Hey there,

The pandemic has led many people to consider whether they have a hearing loss.

One of the reasons for this has been the widespread use of face masks. These prevent lip-reading, which the hard of hearing often rely on to communicate without knowing.

But recently, experts have suggested that there may also be a direct link between the coronavirus and sudden sensorineural hearing loss (SSHL). We wanted to share these findings with you.

What Did the Research Show?

The specialists, writing in the British Medical Journal, highlighted the case of a 45-year-old man who was admitted to an ICU after contracting the coronavirus.

He left the hospital following thirty days of treatment. But one week later, he witnessed a ringing sound in his left ear, and soon after, he lost hearing in it altogether.

The man didn’t have a known hearing loss prior to his coronavirus diagnosis, which led his doctors to believe that this illness was the root cause of his problem.

CNN recently reported that someone in the US had experienced something similar. And crucially, if you witness this issue, please seek assistance from our expert audiologists immediately.

Around half of all people with SSHL will recover part or all of their hearing, but you need to receive rapid treatment for this to take place.

While this outcome remains rare, other evidence suggests mild to moderate hearing loss resulting from the virus is more widespread.

So, if you’re recovering from the coronavirus, it’s important to get a hearing test. Call us at (281) 444-9800 to find out more information or to schedule an appointment

 

 Updates from the office

While it’s likely to be different this year, we hope you enjoy a fantastic Thanksgiving celebration.

Just to remind you, North Houston Hearing Solutions will be closed on November 26 and 27. So if you need any supplies or assistance close to that date, please let us know in advance.

In addition, now is a great time to check how your insurance plan may change in 2021, as you could find that there are additional benefits that you can take advantage of.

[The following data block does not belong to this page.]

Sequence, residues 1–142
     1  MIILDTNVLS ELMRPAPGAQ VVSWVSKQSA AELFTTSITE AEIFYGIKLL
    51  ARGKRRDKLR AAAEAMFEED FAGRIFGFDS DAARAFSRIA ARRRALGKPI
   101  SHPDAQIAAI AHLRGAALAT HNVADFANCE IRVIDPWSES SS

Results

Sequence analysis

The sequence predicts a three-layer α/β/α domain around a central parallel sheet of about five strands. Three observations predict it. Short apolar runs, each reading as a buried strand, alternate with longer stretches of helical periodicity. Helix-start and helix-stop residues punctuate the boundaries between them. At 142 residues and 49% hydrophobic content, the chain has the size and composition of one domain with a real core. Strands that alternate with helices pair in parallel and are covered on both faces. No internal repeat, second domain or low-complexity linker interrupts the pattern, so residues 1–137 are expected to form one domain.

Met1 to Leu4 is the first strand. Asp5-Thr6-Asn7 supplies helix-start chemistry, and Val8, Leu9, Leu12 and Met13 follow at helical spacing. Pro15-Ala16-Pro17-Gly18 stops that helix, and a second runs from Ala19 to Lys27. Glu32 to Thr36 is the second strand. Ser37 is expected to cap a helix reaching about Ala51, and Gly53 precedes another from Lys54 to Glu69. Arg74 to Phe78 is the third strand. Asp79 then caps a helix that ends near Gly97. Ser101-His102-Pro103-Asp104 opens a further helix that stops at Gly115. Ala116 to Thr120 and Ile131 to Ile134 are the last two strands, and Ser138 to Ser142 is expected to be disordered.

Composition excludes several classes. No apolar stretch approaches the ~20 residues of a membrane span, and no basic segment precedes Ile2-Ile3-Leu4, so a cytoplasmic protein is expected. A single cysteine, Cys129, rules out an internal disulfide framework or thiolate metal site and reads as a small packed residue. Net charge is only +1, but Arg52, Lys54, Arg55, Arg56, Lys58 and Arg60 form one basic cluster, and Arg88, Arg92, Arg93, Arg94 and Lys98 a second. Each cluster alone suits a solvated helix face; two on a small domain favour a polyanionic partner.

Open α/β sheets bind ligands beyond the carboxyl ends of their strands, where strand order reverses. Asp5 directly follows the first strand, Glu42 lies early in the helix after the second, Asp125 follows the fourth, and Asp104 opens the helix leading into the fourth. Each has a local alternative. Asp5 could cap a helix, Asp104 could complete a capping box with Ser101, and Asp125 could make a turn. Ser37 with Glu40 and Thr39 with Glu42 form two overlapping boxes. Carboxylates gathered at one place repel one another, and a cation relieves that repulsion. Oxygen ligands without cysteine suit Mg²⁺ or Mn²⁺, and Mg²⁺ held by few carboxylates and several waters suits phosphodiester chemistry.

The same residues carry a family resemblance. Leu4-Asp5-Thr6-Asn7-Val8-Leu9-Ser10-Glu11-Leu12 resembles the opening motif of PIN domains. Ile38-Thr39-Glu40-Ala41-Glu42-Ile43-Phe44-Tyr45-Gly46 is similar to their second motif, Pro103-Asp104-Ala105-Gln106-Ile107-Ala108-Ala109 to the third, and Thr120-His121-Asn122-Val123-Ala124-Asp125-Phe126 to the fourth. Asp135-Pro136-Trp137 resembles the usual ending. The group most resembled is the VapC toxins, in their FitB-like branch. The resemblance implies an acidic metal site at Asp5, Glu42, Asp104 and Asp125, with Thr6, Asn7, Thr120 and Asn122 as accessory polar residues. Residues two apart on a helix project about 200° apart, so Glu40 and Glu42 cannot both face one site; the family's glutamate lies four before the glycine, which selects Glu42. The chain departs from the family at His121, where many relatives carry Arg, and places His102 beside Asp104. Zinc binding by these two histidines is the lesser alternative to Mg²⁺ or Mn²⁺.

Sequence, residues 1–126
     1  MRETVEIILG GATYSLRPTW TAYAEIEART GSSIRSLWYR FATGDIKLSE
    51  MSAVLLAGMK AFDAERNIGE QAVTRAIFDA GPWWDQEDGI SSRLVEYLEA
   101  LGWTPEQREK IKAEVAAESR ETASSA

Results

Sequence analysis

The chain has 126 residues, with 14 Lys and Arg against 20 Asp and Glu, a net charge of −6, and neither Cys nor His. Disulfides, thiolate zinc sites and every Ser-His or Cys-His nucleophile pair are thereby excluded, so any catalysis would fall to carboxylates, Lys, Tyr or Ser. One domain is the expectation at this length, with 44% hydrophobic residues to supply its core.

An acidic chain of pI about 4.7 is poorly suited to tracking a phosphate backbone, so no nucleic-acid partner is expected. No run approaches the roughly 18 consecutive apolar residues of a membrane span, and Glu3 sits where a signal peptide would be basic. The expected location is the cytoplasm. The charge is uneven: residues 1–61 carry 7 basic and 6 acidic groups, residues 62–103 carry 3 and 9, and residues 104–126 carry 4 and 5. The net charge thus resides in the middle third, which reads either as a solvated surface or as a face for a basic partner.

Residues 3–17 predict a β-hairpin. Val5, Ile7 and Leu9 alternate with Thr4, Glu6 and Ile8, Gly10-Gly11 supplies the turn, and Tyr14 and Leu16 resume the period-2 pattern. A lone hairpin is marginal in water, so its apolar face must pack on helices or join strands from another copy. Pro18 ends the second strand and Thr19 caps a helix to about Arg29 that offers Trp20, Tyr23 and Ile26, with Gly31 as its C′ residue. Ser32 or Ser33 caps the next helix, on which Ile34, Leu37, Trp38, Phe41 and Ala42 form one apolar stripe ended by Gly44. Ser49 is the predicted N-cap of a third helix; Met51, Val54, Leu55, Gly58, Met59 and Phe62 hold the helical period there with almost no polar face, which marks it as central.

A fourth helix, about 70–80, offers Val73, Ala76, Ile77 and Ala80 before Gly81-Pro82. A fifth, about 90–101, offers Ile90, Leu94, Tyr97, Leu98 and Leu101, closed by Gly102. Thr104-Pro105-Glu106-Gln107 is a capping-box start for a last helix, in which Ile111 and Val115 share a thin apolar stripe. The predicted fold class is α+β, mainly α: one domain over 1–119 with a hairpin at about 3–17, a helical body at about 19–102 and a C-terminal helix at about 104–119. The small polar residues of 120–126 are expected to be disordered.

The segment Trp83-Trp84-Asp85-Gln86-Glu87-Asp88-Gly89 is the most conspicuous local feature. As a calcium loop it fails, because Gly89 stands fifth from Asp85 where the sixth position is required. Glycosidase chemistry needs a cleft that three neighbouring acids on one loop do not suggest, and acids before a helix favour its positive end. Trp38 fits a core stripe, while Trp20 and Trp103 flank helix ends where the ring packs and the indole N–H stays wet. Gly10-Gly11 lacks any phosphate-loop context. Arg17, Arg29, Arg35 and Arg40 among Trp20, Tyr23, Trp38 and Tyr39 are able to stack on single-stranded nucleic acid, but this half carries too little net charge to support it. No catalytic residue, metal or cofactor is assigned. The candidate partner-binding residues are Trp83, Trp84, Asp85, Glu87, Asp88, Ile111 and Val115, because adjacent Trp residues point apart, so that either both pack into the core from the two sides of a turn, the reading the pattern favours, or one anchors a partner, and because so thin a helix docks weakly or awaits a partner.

Let our experts help you out with this by filling out a simple form on our website or calling us if you would like one-to-one assistance.

Six Ways to Help Hearing Aid Users When
Wearing Face Masks

Although face masks are helping to stop the spread of the virus, they have also been troubling for those who wear hearing aids, as they can make it hard to communicate with others.

However, we’re happy to say that Consumer Reports recently published a fantastic article that offers advice for those facing this issue.

They suggest hearing aid wearers:

1. Ask people to speak slowly and clearly – this is far more effective than when someone raises their voice and fails to enunciate their sentences.

2. Stand face to face when talking – as long as you remain six feet apart, experts suggest that eye contact can make a big difference during conversations.

3. Find the right mask – clear face masks are useful for lip reading, but research has also shown that cloth and surgical masks can make sounds easier to interpret.

4. Adjust your devices – hearing aids can be altered to help with these interactions; feel free to give us a call at the office if you want assistance with this!

5. Try out a transcription app – these days, there are smartphone apps, such as Dragon or Google Live, that will reproduce speech for you to read back.

6. Make meetings virtual – many hearing aids let you stream sounds via your smartphone, tablet, or computer, so this is a great way to stay in touch with others.

Find the full article here

Recent Resources

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Have a question or need help? Then we’re here for you.

Call us at (281) 444-9800.

Have a great November!

The North Houston Hearing Solutions Team

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Dr. Lacey Brooks, CCC-A, FAAA - Doctor of Audiology

Dr. Lacey Brooks received a bachelor’s degree in biology and chemistry in 2003, and earned her doctorate of audiology in 2009. She completed her clinical internships and residency at various facilities within Houston Medical Center. Dr. Brooks is a professional member of the American Tinnitus Association (ATA), a fellow of the American Academy of Audiology (AAA), a member of the Texas Academy of Audiology (TAA), and is certified by the American Speech-Language-Hearing Association (ASHA). She is also the vice president of the Louisiana State University Houston Chapter Alumni Association.
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